Faith-Based Program Only Part of Solution

July 6th, 2011, by

Gov. Sam Brownback of Kansas regards himself as a compassionate conservative in his state, despite his critics, and with good cause. He wants to stem the high recidivism rate of ex-felons by working with faith-based re-entry programs as a way to not only help former inmates, but shore up a lagging state budget.

From a government standpoint, I think Gov. Brownback’s plan is a great idea. However, I think he should also work with members of his state’s legislature to see to it that ex-felons are put back on a path that includes having questions of felony convictions removed from job applications.

Why should the governor take this approach? I’ll give you three reasons. First, having the assistance of faith-based programs and mentors won’t fully solve the problem. You need the power of government to help change the overall apprehension and stigma of hiring ex-felons.

Secondly, having the question of an applicant’s criminal history on a job application blocks even the most qualified applicants from getting a fair shot at a job they desperately need.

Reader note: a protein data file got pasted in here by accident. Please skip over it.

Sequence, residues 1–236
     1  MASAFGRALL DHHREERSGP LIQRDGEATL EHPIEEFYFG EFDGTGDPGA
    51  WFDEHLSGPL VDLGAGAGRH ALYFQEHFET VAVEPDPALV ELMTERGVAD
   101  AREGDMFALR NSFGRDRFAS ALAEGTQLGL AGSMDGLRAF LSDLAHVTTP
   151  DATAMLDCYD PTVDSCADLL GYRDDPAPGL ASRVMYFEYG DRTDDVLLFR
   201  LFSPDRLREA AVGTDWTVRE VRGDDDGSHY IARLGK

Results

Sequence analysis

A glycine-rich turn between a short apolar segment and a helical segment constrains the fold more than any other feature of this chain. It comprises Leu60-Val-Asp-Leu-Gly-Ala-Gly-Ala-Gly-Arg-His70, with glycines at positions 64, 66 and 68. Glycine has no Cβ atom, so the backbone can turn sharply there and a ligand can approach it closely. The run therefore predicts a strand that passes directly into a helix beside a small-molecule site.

Third, by neglecting to put the full resources of the state behind such a program, the governor not only falls short in making good on his statewide goal, but makes the workers heading these programs appear as if they don’t have the power or skill to make positive changes in people’s lives, when they can and often do.

So, while I’m a fan of prayer, I know prayer alone won’t solve this problem. People in positions of authority and leadership like Gov. Brownback must take things one step further to really provide these opportunities, so that the recidivism rate is lowered. If the governor takes this approach, he’ll not only meet his goal of reducing the high recidivism rate, but actually live up to the true title and definition of how he sees himself: A compassionate conservative.

Should Gov. Brownback work with legislators to ensure the recidivism rate is lowered in the state of Kansas?

Last modified: July 6, 2011 at 3:07 pm